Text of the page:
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Modernity and the Dilemma of North American Anglican Identities, 1880-1950
     

Modernity and the Dilemma of North American Anglican Identities, 1880-1950

by William Katerberg
 

He describes the life and work of five leaders in the Anglican Church in Canada and the Episcopal Church in the United States who came of age in the late nineteenth century and served their religious communities until the mid-twentieth century. As clergy and educators they hoped to root the faith of modern Anglicans/Episcopalians in past traditions to provide a

Overview


He describes the life and work of five leaders in the Anglican Church in Canada and the Episcopal Church in the United States who came of age in the late nineteenth century and served their religious communities until the mid-twentieth century. As clergy and educators they hoped to root the faith of modern Anglicans/Episcopalians in past traditions to provide a compelling spiritual purpose and identity for the present and the future. Their attempts to articulate a historical basis for Anglican unity and Christian ecumenism often had contradictory and even sectarian results. Modernity and the Dilemma of North American Anglican Identities, 1880-1950 offers historians and scholars of religion and culture in North America a comparative perspective and a new way to understand how a previous generation looked to the past to address the dilemmas of an uncertain present and future.

Editorial Reviews

From the Publisher

"A very important book in North American religious history. The fact that Katerberg has taken up a church in which the composition of religious materials was quite different makes an important contribution to the scholarly literature. He addresses these issues within a cultural framework that purposely avoids the many pitfalls of the secularization thesis. Indeed, his critique of the secularization model is one of the strongest theoretical features of this book." William Westfall, Department of History, York University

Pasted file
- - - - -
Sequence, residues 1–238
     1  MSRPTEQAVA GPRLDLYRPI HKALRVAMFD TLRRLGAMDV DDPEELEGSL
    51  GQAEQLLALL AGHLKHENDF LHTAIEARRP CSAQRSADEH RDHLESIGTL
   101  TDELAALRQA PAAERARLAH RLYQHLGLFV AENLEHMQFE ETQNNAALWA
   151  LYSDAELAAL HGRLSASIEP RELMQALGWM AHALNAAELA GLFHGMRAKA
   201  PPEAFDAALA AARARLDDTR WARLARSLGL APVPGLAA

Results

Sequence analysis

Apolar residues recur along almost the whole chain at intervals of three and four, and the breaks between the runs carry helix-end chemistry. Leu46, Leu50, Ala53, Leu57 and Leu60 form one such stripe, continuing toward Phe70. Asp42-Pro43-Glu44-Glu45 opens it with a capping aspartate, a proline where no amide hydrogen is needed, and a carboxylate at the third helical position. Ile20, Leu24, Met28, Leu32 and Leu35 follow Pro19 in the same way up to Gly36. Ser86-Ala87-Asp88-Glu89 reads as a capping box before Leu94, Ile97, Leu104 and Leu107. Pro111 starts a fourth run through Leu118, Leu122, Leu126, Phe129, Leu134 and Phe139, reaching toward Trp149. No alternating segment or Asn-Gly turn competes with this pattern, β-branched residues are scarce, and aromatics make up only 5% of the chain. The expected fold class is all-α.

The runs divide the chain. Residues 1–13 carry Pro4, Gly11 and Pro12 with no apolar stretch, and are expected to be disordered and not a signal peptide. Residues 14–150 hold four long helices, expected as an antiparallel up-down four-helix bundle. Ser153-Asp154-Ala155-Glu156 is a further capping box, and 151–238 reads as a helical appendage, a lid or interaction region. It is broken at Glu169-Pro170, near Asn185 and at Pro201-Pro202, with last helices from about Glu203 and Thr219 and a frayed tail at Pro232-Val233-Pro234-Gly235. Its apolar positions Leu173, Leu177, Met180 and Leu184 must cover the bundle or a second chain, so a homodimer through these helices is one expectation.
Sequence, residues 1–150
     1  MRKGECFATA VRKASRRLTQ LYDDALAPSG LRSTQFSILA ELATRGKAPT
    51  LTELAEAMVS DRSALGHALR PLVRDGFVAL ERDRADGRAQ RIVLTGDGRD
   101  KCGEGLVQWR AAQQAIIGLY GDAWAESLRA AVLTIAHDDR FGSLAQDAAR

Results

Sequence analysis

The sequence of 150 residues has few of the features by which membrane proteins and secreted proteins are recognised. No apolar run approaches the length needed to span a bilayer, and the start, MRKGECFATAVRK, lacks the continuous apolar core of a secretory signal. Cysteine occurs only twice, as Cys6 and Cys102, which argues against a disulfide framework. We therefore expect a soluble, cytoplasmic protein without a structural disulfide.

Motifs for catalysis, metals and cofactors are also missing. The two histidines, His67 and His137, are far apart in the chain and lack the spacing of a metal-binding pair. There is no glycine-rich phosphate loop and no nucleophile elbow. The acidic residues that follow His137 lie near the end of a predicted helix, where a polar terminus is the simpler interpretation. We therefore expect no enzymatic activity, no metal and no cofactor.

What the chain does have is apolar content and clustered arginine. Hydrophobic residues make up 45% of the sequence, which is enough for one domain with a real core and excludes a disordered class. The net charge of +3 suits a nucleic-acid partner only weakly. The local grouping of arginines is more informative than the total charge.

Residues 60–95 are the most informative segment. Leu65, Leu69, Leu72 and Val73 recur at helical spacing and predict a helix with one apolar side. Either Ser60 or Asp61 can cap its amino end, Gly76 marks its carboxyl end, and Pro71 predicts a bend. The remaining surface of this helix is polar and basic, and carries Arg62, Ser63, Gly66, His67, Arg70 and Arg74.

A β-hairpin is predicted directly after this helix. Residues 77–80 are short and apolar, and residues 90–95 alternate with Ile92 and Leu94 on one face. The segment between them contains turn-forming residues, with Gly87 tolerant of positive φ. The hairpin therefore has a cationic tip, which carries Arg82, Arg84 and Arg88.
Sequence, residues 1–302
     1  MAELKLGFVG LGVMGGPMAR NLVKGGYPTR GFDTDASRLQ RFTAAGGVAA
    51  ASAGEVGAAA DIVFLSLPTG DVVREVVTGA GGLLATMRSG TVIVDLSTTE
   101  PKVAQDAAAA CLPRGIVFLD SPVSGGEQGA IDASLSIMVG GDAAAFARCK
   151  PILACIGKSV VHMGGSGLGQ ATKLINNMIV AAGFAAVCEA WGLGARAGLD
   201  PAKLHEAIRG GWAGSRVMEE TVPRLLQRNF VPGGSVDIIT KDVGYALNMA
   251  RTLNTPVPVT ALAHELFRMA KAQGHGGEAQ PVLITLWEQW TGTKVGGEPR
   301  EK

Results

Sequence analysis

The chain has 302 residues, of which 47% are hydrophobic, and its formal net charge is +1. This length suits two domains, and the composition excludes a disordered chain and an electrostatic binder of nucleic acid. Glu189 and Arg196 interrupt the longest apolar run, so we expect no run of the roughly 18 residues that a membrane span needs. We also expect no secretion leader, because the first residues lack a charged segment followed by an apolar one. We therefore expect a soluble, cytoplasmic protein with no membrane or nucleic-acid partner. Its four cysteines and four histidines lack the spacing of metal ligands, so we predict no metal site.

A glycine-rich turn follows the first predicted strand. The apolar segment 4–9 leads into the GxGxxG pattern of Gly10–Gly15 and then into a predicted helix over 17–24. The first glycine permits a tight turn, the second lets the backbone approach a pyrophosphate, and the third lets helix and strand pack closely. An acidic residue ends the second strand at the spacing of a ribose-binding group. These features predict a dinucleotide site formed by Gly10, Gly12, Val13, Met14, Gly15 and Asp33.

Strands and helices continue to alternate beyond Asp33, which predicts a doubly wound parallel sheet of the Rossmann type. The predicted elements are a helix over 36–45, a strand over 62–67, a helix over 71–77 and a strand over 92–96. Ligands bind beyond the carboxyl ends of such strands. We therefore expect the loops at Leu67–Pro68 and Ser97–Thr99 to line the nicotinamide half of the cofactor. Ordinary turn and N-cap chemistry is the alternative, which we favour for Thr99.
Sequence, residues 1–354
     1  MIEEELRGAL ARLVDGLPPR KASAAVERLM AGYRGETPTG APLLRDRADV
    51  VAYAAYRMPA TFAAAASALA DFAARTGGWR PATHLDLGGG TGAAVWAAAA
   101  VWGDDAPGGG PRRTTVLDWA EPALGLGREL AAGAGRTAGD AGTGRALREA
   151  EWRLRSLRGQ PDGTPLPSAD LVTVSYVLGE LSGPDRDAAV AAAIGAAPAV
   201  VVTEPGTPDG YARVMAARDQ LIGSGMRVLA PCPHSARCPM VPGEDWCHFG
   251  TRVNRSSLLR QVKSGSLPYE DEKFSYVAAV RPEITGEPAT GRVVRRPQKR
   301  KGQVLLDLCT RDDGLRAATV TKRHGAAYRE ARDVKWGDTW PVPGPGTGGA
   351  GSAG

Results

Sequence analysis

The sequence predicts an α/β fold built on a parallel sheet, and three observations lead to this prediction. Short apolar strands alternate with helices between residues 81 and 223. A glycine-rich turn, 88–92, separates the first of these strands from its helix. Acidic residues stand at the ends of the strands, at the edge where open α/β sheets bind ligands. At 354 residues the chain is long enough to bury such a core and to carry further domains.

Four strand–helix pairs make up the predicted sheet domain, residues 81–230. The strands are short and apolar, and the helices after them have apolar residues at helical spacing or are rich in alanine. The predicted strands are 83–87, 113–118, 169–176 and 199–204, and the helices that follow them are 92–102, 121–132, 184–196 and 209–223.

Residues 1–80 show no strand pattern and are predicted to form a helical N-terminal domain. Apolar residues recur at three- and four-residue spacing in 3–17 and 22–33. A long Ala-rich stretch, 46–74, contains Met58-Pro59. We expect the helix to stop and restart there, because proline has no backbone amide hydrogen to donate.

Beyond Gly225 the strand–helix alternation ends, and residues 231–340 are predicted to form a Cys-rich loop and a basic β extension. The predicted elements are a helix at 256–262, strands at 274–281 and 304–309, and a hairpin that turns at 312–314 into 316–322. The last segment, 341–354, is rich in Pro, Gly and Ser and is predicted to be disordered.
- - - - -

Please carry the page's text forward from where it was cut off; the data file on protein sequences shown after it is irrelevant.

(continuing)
Booknews
Katerberg (history, Calvin College, Michigan) describes the life and work of five leaders of the Anglican Church in Canada and the Episcopal Church in the U.S. from the late-19th to the mid-20th century. He explores the ways in which these leaders used a shared religious language and theology to create a cultural framework offering a clear identity and purpose for the members of their communities. Coverage includes the relationship between evangelicalism, liberalism, and anglo-catholicism; the impact of modernity on Anglican traditions of spirituality; a comparison of Canadian and U.S. perspectives; and a critique of the secularization model in favor of a view of religion within the realms of modernity and competing cultural identities. Annotation c. Book News, Inc., Portland, OR (booknews.com)

Product Details

ISBN-13:
9780773521605
Publisher:
McGill-Queens University Press
Publication date:
04/23/2001
Series:
McGill-Queen's Studies in the History of Ideas Series
Pages:
320
Product dimensions:
6.40(w) x 9.29(h) x 1.06(d)

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